I only discovered the myBasis product at the weekend as a result of the Self-Hacking day but as I thought it was an interesting product idea I did a bit more reading around and discovered this post. Much of the information management within this post were interesting to me from a product management perspective.
it’s one thing to demo a prototype in our lab or a show like CES and another to endure the real world lives of everyday users
Good to see them thinking about the longer term use. This is also indicated in the following quote
Not only do we need to test our sensors, tweak algorithms and do the science work you’d expect, but there are many practical factors like water resistance, battery-life optimization, or, let’s say, the effect of the electro-static shock that can happen when walking on carpet in Minnesota in the winter
which shows they're thinking of scenarios and playing with the "what if" questions. And again, by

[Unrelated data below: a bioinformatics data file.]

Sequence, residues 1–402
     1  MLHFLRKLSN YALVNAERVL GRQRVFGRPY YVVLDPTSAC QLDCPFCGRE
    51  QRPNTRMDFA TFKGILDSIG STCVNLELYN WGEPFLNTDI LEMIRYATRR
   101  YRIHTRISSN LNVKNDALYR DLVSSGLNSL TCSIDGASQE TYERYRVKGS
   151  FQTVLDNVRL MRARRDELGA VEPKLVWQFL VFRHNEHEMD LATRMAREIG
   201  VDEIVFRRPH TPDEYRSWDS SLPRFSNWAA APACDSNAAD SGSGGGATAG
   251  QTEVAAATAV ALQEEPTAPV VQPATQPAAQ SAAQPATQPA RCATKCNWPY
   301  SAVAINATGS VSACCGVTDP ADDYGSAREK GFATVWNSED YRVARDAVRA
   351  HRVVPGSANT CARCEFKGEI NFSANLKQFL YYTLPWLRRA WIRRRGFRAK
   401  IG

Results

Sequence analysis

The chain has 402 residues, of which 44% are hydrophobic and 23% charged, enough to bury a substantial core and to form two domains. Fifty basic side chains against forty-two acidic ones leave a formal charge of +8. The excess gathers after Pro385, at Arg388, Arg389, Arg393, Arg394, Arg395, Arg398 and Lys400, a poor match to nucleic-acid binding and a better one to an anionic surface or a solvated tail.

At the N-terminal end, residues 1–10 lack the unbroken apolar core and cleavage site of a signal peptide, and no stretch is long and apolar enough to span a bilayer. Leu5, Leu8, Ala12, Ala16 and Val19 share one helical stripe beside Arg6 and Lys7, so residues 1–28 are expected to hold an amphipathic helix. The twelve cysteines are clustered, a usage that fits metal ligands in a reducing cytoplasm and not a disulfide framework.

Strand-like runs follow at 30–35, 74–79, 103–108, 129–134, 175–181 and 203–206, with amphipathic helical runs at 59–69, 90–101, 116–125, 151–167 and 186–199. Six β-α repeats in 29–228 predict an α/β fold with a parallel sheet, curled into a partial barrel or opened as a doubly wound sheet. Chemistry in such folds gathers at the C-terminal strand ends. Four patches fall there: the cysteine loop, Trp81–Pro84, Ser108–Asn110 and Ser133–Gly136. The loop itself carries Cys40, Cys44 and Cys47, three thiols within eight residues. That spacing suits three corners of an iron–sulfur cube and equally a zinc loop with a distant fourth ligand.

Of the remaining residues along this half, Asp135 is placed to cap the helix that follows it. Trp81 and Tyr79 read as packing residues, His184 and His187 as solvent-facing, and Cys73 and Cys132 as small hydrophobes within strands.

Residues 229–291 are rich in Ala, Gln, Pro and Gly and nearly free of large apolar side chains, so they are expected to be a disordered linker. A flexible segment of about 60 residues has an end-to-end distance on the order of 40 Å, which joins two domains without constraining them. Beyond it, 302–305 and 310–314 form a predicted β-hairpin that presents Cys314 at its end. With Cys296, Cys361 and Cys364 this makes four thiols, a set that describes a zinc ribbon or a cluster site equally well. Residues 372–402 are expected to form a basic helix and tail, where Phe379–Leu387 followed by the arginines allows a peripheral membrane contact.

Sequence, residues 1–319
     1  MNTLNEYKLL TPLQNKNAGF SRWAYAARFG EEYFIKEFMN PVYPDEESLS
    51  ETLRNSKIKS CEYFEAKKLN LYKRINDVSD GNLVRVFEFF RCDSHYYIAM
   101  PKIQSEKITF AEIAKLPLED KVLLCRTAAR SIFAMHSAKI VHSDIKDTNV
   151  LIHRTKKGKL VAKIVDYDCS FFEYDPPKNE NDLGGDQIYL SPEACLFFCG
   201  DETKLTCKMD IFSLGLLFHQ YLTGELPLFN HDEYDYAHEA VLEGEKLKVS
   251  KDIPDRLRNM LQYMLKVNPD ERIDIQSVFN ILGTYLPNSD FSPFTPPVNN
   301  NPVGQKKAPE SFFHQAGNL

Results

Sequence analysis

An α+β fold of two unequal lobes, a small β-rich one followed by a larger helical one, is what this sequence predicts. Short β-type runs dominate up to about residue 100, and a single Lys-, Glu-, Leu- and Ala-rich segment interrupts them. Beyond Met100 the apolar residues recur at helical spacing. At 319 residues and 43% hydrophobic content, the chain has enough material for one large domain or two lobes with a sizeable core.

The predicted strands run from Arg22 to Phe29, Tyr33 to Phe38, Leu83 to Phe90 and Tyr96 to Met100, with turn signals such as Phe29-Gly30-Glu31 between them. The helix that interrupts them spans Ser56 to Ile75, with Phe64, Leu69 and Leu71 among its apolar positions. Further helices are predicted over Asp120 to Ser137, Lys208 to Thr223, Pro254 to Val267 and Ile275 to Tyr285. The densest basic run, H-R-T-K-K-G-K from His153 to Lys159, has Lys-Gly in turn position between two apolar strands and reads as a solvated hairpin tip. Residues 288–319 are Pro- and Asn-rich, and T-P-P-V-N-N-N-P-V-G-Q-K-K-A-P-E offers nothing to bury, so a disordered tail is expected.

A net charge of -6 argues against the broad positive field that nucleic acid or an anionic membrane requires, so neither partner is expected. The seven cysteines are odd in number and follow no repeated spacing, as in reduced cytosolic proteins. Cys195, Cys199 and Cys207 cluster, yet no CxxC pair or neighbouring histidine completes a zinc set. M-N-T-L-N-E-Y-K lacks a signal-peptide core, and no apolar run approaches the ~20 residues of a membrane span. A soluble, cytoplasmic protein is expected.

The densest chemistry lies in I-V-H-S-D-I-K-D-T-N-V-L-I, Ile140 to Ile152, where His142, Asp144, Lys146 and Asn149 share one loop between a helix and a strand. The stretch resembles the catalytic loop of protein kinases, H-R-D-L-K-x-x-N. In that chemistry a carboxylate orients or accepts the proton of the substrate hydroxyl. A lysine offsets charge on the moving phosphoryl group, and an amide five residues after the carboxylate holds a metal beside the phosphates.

Seeing your data is important and will be interesting to some people for a while, but most of us need something more meaningful once the initial excitement of tracking your body fades. The long term benefits are determined by what insights you take away and whether you know what to do about them.
And then the penultimate paragraph is this
We have made the mistake before of hinting at our launch timing, so for now we are not offering a date. I’ll simply reinforce what you may have heard me say before: our priority is more on what we are launching than when. I know that leaves you wondering and that can be frustrating, but we want to bring you a product that you are not only excited to get on launch day, but one you’ll want to use every day after
which I think is excellently written. Firstly, admitting that you've previously hinted at a date that you can't commit to or guarantee, and therefore explaining that you don't want to do that again, and then reiterating that your focus is in on the what, and getting that right for the long term.
In all, this seems like quite a brave post for them to make, but from a product management perspective it's a fascinating read, and I come away with a lot of respect for them.